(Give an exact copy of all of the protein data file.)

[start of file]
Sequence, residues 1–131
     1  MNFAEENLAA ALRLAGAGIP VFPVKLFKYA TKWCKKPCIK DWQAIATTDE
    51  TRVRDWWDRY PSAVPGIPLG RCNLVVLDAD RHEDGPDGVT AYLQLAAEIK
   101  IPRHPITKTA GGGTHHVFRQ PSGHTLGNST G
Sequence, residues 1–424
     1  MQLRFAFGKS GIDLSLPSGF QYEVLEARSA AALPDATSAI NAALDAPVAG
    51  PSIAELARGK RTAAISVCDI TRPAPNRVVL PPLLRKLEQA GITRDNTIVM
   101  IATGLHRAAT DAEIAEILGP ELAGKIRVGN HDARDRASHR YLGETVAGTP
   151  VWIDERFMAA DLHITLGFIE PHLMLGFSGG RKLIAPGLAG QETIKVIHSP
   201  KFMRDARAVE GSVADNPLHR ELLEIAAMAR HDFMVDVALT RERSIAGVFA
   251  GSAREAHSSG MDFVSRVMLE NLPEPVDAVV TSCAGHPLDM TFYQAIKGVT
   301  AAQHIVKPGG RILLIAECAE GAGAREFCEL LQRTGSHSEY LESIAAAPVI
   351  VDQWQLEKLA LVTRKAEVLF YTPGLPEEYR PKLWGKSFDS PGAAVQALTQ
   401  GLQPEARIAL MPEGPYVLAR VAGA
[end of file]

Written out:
Sequence, residues 1–131
     1  MNFAEENLAA ALRLAGAGIP VFPVKLFKYA TKWCKKPCIK DWQAIATTDE
    51  TRVRDWWDRY PSAVPGIPLG RCNLVVLDAD RHEDGPDGVT AYLQLAAEIK
   101  IPRHPITKTA GGGTHHVFRQ PSGHTLGNST G
Sequence, residues 1–424
     1  MQLRFAFGKS GIDLSLPSGF QYEVLEARSA AALPDATSAI NAALDAPVAG
    51  PSIAELARGK RTAAISVCDI TRPAPNRVVL PPLLRKLEQA GITRDNTIVM
   101  IATGLHRAAT DAEIAEILGP ELAGKIRVGN HDARDRASHR YLGETVAGTP
   151  VWIDERFMAA DLHITLGFIE PHLMLGFSGG RKLIAPGLAG QETIKVIHSP
   201  KFMRDARAVE GSVADNPLHR ELLEIAAMAR HDFMVDVALT RERSIAGVFA
   251  GSAREAHSSG MDFVSRVMLE NLPEPVDAVV TSCAGHPLDM TFYQAIKGVT
   301  AAQHIVKPGG RILLIAECAE GAGAREFCEL LQRTGSHSEY LESIAAAPVI
   351  VDQWQLEKLA LVTRKAEVLF YTPGLPEEYR PKLWGKSFDS PGAAVQALTQ
   401  GLQPEARIAL MPEGPYVLAR VAGA